Saturday, 18 February 2012

The Time of our Lives

In another validation of the Shakespearean words spoken through Julius Caesar’s wife, Calpurnia; the heavens have indeed blazed forth the death of pop princess Whitney Houston.

Once more, in an uncanny similarity to our reaction on the passing of Michael Jackson and Luther Vandross to name a few, we (well, a majority of us anyway) are consumed with accolade-tinged grief and just like Vandross and Jackson before her, we can't stop telling everyone Miss Houston ‘was the best we have ever heard.’

We bicker and exchange vitriol across the social media landscape, all the time claiming we would have done a better job than the people hanging around our dear Whitney.

Apparently, most of us are trained in the study of addiction and would have known exactly what to do to save our precious pop princess. Some of us, driven by blind pain, want to blame the likes of Bobby Brown for this latest module in Death 101. Some have even, with their novice hat on, placed some responsibility on Clive Davis’ shoulders.

But, if there ever was a demise that proved an individual is ultimately responsible for their own life; this was it. Agree, there are dastardly enablers and numerous Doctor Feel-goods everywhere you look, but none of it will happen without the co-operation of the individual. It takes you to lift that pipe to your mouth, it requires you to lift that fatal glass and consume the contents within. 

Of course, the truth in all this is somewhere, lurking around and evading our peering eyes and heavy hearts. Yes, it is unbelievably tragic that the likes of Whitney Houston - who are ridiculously blessed in so many ways - could have missed out on the gift of long life. But if we could just excuse ourselves the inconvenience of taking a step back, stripping away the emotional language and extravagant reactions, I suggest it is time to listen to Shakespeare again;

“All the world's a stage
And all the men and women merely players;
They have their exits and their entrances….”

There was a beginning and inevitably, there would be an end. Yes, the iconic likes of Tony Bennett, Tom Jones, Aretha Franklin and Quincy Jones might call you the greatest voice they have ever heard, but no one can outwit the Grim Reaper.

In the face of this inevitability, it might be more useful if we looked around us in our everyday life and begin now to flatter-shower our nearest and dearest. The friend who is always there for you, the parent who continues to love you in spite your cantankerous ways, the child who accepts your parental flaws and that workplace colleague who always covers for you.

Why wait until a loved one is six feet under before we begin to show an emotional range we seem incapable of displaying on a day to day basis? What is the merit in you being the neighbourhood medical expert, when the guy next door has just died from his excesses? Would it not have been better to reach out a lot earlier and help him that night when you skipped over his drunken heap, to enter your front door three weeks ago?

Why don’t we face up to being less judgmental about people’s frailties  when we are aware of our own little dark indulgences? When are we ala MJ, going to start looking at the man in the mirror?  

As for me, I can confirm and my closest friends can attest that I might not be the King of excess, but I will definitely qualify as a prince, in the very least. One is grateful that one has a morbid fear of needles, powdery substances and anything that doesn't sprout from the soil, but trust me; we have broken bread and popped bottles with the best hell-raisers out there.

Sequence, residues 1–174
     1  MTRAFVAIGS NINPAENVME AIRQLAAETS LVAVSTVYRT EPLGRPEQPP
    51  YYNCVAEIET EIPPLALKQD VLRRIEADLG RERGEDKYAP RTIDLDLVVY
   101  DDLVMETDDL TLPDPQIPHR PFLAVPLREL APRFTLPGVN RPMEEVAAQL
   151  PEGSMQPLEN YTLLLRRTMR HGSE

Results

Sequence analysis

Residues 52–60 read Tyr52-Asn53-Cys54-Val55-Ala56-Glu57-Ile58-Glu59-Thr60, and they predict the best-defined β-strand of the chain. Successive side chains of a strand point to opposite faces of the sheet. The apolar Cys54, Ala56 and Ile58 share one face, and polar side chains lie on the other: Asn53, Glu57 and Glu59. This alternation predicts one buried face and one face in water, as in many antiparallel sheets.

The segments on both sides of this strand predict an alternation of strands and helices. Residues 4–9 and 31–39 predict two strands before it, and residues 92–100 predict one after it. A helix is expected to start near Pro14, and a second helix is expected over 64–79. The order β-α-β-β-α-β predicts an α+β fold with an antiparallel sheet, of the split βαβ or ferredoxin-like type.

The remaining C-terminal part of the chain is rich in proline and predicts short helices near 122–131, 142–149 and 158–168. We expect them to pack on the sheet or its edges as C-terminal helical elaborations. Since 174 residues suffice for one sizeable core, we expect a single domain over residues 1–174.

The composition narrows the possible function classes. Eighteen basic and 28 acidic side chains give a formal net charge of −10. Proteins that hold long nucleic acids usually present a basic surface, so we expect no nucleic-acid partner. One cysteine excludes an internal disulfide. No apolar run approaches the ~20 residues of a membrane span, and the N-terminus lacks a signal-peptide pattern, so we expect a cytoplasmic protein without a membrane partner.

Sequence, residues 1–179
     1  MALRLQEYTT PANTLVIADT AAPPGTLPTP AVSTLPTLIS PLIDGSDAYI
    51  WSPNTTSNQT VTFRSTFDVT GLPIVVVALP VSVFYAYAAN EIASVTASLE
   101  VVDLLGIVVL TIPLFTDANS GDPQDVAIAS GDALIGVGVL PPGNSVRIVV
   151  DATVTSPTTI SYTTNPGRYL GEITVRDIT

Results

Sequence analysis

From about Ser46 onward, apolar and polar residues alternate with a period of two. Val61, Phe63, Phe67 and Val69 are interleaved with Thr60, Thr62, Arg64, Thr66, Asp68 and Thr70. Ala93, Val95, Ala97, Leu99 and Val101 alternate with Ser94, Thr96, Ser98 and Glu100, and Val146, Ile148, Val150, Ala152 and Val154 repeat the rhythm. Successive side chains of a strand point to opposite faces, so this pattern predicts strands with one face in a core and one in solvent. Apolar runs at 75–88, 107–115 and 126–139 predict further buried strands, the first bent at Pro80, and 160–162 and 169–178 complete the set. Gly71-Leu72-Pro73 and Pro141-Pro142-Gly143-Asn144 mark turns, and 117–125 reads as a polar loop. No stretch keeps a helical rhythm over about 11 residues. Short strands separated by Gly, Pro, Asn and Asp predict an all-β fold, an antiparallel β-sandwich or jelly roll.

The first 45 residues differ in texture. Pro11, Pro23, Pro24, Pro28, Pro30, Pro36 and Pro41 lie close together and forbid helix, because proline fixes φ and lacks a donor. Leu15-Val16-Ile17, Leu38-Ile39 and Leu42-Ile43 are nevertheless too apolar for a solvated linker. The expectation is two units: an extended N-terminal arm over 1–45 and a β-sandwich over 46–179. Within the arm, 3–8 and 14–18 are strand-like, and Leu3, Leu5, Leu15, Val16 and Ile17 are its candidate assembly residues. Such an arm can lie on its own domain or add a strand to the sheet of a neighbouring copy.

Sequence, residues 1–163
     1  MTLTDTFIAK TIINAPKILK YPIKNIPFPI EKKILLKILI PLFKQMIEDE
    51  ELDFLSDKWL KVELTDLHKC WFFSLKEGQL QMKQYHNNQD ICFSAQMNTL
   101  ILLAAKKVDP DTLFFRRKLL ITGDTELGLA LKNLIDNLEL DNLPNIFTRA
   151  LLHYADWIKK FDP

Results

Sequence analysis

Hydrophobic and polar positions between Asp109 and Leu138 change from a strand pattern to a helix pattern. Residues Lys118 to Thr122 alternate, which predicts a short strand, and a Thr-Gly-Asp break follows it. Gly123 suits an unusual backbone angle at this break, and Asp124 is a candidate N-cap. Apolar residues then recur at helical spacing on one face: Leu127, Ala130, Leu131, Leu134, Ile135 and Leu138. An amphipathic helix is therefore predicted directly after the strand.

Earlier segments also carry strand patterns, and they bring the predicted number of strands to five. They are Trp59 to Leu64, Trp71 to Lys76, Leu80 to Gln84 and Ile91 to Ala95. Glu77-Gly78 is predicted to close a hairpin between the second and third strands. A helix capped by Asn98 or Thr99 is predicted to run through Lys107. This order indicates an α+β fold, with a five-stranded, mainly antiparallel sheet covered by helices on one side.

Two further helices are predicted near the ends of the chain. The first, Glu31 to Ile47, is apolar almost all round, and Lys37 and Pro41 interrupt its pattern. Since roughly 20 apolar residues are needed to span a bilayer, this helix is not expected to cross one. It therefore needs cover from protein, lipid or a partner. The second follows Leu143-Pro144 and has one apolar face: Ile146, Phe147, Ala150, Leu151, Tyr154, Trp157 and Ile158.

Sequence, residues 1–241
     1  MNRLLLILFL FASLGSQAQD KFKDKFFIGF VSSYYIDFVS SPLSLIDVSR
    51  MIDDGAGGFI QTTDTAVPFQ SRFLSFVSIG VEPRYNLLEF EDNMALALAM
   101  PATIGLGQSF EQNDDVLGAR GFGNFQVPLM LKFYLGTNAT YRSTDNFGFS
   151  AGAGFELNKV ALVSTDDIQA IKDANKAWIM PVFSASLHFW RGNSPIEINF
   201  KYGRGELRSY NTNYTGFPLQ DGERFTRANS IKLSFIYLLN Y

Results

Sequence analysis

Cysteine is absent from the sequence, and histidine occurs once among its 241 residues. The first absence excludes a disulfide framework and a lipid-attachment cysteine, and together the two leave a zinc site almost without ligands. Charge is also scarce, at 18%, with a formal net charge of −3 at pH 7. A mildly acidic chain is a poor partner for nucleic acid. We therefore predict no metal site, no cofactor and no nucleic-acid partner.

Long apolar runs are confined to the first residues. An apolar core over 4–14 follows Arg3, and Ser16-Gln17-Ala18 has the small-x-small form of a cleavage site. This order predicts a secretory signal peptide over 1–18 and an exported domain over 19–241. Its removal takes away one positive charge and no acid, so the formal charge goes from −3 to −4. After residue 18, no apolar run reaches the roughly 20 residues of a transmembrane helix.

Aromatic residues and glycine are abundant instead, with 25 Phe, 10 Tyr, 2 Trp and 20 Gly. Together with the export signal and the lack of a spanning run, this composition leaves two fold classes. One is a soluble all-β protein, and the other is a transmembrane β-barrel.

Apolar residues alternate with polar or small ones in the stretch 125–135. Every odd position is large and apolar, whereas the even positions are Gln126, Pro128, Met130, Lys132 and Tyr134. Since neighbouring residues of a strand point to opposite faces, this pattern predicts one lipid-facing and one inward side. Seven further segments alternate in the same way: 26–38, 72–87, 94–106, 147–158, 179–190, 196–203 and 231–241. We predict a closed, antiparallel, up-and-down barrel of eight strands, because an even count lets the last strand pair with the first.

By the way, that wasn't a's just a painful fact. And even though I am still standing, there were days when, there but for the grace of God, could have gone I! This is why I believe we all require some introspection.

It’s time to take all that collective Whitney grief, especially now at its rawest and use it to propel ourselves to a better understanding of what our lives represent. We often hear we only have one life, yet most of us carry on through life (myself included), drearily living other people’s dreams and kowtowing to those who we have convinced ourselves, hold some superiority over us.

In other words, we are acting as if this is a rehearsal. Well, it isn't. This is your life and you only have one run. Use it wisely and positively impact those around you.

We remember people simply by their deeds and what connection we had to them. I grief for my younger sister every day of my life, but I cannot add or embellish her achievement. All I have is memories…vivid and extremely clear distinct memories. I can only recount the things she did until the untimely end. I cannot flip or spin it.

To paraphrase John Lennon; the instances and events that marked her 33 young years were the things she did whilst Life was happening. I can only reminisce about her in the days she lived in. Her passing, more than anything else, made me realise one will only be remembered for the mark you make and the type of spirit you invoked whilst you were here.

We are living in privileged times. It is not inconceivable that we or even generations to follow may never see the likes of Michael Jackson and Whitney Houston again. So if you know anyone around you doing something amazing, we need to let them know whilst they are with us.

Because in the final analysis, all we have is our memories….the smile your wife, husband, child or best friend flashed you on that memorable trip. That funny dance move your favourite uncle or aunty does whenever they have too much. That glance, that incident, that joke you cannot stop laughing to….those memories.

Bottom line….you have to let people know how much you love them…..and you have to let them know now. Summon the imagination and think about the things you would say if there were no longer here…..and say those things to them during their time here.

During the time of their Lives…